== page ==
Interpolating to a known grid point

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point1 = (latitude, longitude) % in degrees
point2 = (latitude, longitude)
point3 = (latitude, longitude)
interpoint = (latitude, longitude)
point1,2,3 are stations where data is collected. point1,2,3 form a triangle and "interpoint" is located inside this triangle. "interpoint" is also a station.
P1 = [123, 345, 341; 986, 665, -645; 543, 86, -40; 0, 100, 0; .....cont.]
P2 = [-123, 381, 741; 986, 0, 645; 543, -86, 10; 12, 0, 54; ....cont.]
P3 = [723, 455, 224; -958, 0, 654; 743, 46, 11; 23, 0, 68; ....cont]
P4 are the values that I want to predict.
P1 are the values from point1 and P2 from point2 and so on.
As the output, I'm expecting the P4 matrix.
I experimented with interp2 and griddedInterpolant but the general error was assigning for e.g, point1 as the coordinates of P1 matrix (the whole thing) and expressing "interpoint" as the coordinates of the P4 values is to be interpolated.
Also with griddedInterpolant I get error, "Interpolation requires at least two sample points in each dimension" when running the following.
[X,Y] = ndgrid(lon1:lon3,lat3:lat1); % lon1 is the longitude of point1, etc..
V = P1;
F = griddedInterpolant(X,Y,V);
[Xq,Yq] = ndgrid(lat4,lon4);
Vq = F(Xq,Yq);
scatteredInterpolant too ended in a disaster because I do not know how to call it to work. I'v been reading everything I can find on internet to learn how to get the output as a whole matrix of interpolated data, but no help.
Matlab keeps screaming that each cell needs a location but how can I tell it that all cells of P1 have the same location. To circumnavigate this issue I tried repmat location coordinates to the size of P1 but then the error was identical locations identified or something along those lines..
Anyways I think there IS a way but I can't seem to find it.
Alternatively , I followed a mathematical approach to calculate a single value at P4 and it's working.
Latitude and longitude converted to radians and then solve the following 3 equations (for a sample cell at row 8, column 4.
[S1, S2, S3] = solve(a0+(a1.*(lat1))+(a2.*(lon1)) == P1(8,4), a0+(a1.*(lat2))+(a2.*(lon2)) == P2(8,4), a0+(a1.*(lat3))+(a2.*(lon3)) == P3(8,4), a0, a1, a2);
SQ = S1+(S2.*(latq))+(S3.*(lonq)); % latq, lonq are the values from interpoint.
SQ is P4(8,4).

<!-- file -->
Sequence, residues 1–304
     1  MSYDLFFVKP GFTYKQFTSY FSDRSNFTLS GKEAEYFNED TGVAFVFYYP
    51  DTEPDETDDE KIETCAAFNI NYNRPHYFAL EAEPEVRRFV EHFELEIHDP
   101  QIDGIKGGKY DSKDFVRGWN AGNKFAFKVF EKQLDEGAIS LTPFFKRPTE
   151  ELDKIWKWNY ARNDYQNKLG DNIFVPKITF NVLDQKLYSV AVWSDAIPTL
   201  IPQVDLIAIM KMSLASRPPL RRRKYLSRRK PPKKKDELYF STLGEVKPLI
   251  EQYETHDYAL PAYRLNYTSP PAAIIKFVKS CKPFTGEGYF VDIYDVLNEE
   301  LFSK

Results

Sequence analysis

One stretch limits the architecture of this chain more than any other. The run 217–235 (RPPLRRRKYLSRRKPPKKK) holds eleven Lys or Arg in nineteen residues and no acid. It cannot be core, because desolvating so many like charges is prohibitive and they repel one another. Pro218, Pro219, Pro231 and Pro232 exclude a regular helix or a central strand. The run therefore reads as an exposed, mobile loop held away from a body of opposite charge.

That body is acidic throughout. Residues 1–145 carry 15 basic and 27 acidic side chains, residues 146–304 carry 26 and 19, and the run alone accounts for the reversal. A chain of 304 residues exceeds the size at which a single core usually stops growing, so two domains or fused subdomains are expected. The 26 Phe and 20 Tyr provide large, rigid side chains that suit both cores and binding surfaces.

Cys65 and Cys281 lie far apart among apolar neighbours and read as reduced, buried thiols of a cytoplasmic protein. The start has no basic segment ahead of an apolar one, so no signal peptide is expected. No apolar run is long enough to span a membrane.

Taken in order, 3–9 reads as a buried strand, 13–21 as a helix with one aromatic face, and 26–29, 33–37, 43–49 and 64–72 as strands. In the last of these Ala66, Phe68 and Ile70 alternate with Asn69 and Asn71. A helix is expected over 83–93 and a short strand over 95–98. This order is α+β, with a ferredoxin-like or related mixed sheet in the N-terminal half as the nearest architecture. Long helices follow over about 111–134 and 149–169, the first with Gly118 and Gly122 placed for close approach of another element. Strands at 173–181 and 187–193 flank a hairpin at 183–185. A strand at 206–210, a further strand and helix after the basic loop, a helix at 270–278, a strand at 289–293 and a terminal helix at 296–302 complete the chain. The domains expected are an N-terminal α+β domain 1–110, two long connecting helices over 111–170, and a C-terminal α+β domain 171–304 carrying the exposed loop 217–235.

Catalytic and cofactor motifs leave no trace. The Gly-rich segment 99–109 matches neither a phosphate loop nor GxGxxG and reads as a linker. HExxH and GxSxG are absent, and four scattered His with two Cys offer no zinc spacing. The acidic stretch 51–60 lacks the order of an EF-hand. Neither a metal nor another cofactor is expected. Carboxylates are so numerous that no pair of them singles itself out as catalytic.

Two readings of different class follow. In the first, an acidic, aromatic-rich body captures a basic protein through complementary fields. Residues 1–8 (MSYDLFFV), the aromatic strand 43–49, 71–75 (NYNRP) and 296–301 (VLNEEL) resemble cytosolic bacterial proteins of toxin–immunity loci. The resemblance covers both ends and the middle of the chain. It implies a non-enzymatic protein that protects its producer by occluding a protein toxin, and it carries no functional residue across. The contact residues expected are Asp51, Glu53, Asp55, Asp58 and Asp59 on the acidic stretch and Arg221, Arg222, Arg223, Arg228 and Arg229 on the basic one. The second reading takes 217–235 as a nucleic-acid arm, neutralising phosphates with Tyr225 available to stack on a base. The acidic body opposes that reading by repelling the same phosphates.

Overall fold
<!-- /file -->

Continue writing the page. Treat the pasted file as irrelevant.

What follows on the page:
How do I get Matlab to run this in a loop and find every single value of SQ excluding where any of the input values are zero. i.e., if for a given cell the value in either P1, P2 or P3 is zero there should not be a result for that cell. Because 0 in my data set are artificial and thus the result would be wrong.
I don't like this method because the precision could get very low.
I really would like to compare this with Matlab's scatteredInterpolant or interp2 only if I know how to..
what's the best method to approach this?
Geant Bepi
Geant Bepi on 7 May 2015
I took time matrix off the question as it could probably have confused some of you as to what I wanted to be interpolated.

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Accepted Answer

Kelly Kearney
Kelly Kearney on 7 May 2015
The scatteredInterpolant function will handle this; with a linear interpolation scheme, it basically does the plane-fitting calculation that Chad suggested.
I'm assuming that the column dimension of your P data represents separate variables to be interpolated. So start with your data (I just chose four random points, with the 4th one inside the triangle of the first 3):
ltln = [...
49.511 -120.29
46.292 -124.23
45.261 -116.42
47.54 -120.3];
P1 = [123, 345, 341; 986, 665, -645; 543, 86, -40; 0, 100, 0];
P2 = [-123, 381, 741; 986, 0, 645; 543, -86, 10; 12, 0, 54];
P3 = [723, 455, 224; -958, 0, 654; 743, 46, 11; 23, 0, 68];
P = cat(3, P1, P2, P3);
Step 1 is to set up the interpolant geometry using a single column-variable and a single point in time across the three locations:
v1 = permute(P(1,1,:), [3 1 2]);
f = scatteredInterpolant(ltln(1:3,:), v1);
Now you can reuse that interpolant, just switching out the Values property for each relevant time and variable:
P4 = zeros(size(P1));
for it = 1:size(P,1)
for ii = 1:size(P,2)
f.Values = permute(P(it,ii,:), [3 1 2]);
P4(it,ii) = f(ltln(4,:));
Geant Bepi
Geant Bepi on 11 May 2015
did the trick! it's really strange how some things could be really simple yet so far from you!
Thanks heaps!

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More Answers (1)

Chad Greene
Chad Greene on 3 May 2015
You could fit a plane to the three points via threepoints2planez, then you'll be able to calculate P4 = z(x4,y4).
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Geant Bepi
Geant Bepi on 4 May 2015
P4's coordinates are known. What I need is to interpolate to P4 using P1,P2,P3.

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